Jan 252010

One of my favorite exercises that we use with our guys is the Slideboard Split Squat. It has become a staple in our program. What I like about it is that it allows us to get great single-leg load without loading the spine.

In this video, we use the kettlebell as a way to load it. We have used a barbell, dumbbells, and 2 kettlebells to load this. With our frequent travel schedule, we will also use the Valslide in place of the slideboard on the road so that we don’t miss a beat.

Jan 192010

Here is another short article geared to the parents of young hockey players crowd:

How to Choose a Strength and Conditioning Coach or Personal Trainer

Today’s hockey players are becoming bigger, stronger and faster while becoming more fit than they were in years past.  In addition to participating in other sports, young players also are participating in strength and conditioning programs either at their school, with their team, or with private training companies that are in the communities. 

Strength and conditioning coaches and personal trainers for youth sports have gone from almost unheard of to a common necessity. The business has expanded so much that there are now several training facilities within most cities.

With the sports training market becoming very saturated, there are more options to choose from when it comes to selecting one for your son or daughter.  Like any other businesses, there are some very good ones, some average ones, and some not so good ones.  What I have listed below are some quick guidelines on making a selection for a strength and conditioning coach or personal trainer.  These are based on observations and opinions about today’s hockey players and performance:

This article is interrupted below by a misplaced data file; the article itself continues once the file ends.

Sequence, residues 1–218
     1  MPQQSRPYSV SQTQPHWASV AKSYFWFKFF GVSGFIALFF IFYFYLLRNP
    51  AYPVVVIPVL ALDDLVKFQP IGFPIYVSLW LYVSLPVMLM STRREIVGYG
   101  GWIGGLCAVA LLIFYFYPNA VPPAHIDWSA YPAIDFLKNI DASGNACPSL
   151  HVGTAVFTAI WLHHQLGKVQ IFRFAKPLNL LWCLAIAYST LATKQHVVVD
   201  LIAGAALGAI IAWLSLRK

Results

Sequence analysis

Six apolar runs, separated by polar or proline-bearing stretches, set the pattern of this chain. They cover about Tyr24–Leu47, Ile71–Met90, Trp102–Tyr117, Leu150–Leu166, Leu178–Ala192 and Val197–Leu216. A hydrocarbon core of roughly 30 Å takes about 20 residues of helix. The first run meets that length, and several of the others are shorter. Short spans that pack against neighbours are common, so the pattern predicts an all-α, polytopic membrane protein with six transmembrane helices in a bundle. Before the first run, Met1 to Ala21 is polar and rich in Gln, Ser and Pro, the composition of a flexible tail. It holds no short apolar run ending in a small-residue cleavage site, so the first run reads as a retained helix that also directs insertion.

• Make sure that the trainer(s) has a degree from a four-year college or university. A master’s degree would be a plus. Preferably, their degree is in Exercise Science, Kinesiology, Biomechanics, or another major related to Exercise and or Sports Medicine. 
  • Make sure that the trainer is certified by a reputable certification agency. For Strength and Conditioning Coaches or Personal Trainers who work with hockey players, the Certified Strength and Conditioning Coach (C.S.C.S) certification from the National Strength and Conditioning Association (NSCA) is probably the most reputable certification.  Another good certification is any certification provided by the National Academy of Sports Medicine (N.A.S.M.). 
  • Ask for testimonials and/or references from athletes that they have coached.  They should be able to provide current or past testimonials from people who have trained with them.  If they can’t provide you with any testimonials, ask for references.  If they can’t give you any references, find another trainer.  Also, make sure that the trainer actually trained and worked with an athlete whom they say they have. 
  • Don’t get caught up in the “bells and whistles” about the facility.  Most of the good strength and conditioning coaches and personal trainers out there can get results without the high-tech equipment that might be considered “hockey-specific”.  Also, they might not need a large facility the size of a Wal-Mart. 

In today’s world, it is easy for anyone to get a personal training certification from a non-reputable source and then partner up with someone with a lot of money and start up a sports training business. I always prefer an individual or company that started out with close to nothing and then grew their business by getting positive results from their athletes and clients. 

As a parent who is paying for the child to participate in a strength and conditioning program, you must do your homework when trying to choose one.  Hopefully these guidelines and recommendations will help you make the right decision.

Jan 152010